9 AUGUST 1975, Page 4

Crime and punishment

Sir: Reginald Maudling's article on 'Alternatives to Prison' (July, 20) was" sympathetic and timely commentorY on the current crisis in the prison population. The Home Offie'e recentb; announced that there are over 40,000 people in prison — and those who 1(001k our prisons at first hand acknowledge with serions concern the appalling overcrowding in many establishments. However, Mr Maudling was w° generous in complimenting the Horne Office (and himself as a former Horne Secretary) on its attempts to solve tEL problem of prison overcrowding. In' deed, in many respects, the Hone , Office has lacked a con vincingtY I dynamic approach to developing alternatives to imprisonment — and ha5 clearly failed to prevent gross prison overcrowding.

Last year, the Home Secretary closed six open prisons and borstals, in spite ot protests from penal reformers that these open institutions could be used effectively to ease the burden on the closed establishments. That decision must clearly be seen now as mistaken'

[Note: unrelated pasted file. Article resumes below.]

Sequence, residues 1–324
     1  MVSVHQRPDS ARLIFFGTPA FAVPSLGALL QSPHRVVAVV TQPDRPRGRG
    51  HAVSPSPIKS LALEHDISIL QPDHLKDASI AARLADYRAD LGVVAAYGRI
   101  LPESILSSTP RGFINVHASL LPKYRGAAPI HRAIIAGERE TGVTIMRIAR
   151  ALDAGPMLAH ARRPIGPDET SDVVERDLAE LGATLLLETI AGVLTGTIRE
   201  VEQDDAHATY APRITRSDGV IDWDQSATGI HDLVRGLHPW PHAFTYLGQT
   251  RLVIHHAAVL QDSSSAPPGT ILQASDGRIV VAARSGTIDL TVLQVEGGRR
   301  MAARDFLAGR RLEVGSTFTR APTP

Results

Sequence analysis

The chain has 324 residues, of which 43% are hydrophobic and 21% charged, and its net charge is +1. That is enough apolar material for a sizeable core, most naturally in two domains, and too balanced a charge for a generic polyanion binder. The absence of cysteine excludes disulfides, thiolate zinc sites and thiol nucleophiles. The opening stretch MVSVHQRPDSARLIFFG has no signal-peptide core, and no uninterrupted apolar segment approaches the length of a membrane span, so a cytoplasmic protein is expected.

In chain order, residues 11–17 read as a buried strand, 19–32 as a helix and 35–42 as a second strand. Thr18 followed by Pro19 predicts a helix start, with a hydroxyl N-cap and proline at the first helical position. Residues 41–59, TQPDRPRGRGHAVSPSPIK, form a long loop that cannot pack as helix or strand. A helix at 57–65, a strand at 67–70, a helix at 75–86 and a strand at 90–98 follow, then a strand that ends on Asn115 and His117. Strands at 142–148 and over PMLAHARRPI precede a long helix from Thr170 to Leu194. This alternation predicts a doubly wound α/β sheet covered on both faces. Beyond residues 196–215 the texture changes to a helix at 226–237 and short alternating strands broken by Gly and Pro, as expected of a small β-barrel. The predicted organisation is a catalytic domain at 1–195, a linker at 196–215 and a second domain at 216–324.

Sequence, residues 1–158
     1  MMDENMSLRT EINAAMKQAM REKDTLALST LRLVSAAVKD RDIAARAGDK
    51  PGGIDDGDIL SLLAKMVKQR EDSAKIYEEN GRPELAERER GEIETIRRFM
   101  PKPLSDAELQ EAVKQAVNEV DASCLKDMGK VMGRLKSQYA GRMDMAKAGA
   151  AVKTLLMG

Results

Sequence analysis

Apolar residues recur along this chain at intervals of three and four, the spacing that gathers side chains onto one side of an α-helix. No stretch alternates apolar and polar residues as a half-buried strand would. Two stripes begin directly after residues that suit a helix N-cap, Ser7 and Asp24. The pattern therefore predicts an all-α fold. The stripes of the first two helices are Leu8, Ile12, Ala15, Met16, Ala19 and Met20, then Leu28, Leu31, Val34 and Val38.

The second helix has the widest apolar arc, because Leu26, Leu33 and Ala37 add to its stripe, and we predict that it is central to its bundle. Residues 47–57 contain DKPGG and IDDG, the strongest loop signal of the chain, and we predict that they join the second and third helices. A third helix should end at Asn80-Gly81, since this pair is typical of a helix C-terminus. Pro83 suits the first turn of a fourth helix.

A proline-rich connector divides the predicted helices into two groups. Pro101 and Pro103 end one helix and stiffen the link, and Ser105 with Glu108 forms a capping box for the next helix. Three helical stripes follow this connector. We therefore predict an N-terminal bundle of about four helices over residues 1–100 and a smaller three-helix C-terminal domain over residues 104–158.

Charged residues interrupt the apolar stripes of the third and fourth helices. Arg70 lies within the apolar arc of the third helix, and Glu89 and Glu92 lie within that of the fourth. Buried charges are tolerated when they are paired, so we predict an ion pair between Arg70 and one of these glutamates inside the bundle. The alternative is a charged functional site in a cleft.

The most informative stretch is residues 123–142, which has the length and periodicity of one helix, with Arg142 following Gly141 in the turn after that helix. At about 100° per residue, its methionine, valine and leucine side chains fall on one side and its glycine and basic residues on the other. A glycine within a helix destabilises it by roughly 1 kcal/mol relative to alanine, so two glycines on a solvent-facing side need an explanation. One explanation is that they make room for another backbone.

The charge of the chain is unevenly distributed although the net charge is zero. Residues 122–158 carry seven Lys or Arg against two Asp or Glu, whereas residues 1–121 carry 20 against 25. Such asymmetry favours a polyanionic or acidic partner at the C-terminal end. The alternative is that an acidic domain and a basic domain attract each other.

Mr Maudling was right to refer to the 1972 Criminal Justice Act which significantly extended alternatives t° imprisonment. Ample alternatives d° exist on paper: probation, community' service, day training -centres, hostels, suspended sentence supervision, PlIa.s parole. But all too often, their use1-5, limited or ineffective through lack 0' staff and resources in the Probation and After-Care Service.

If the Home Office had practiced" more imaginative and generous poluiiY, towards the Service over the Pas'

decade, we should certainly not have a Prison problem of such dangerous magnitude on our hands now.

David Mat hieson (Chairman) National Association of Probation Officers, Parliamentary and Public Relations Committee, St Helens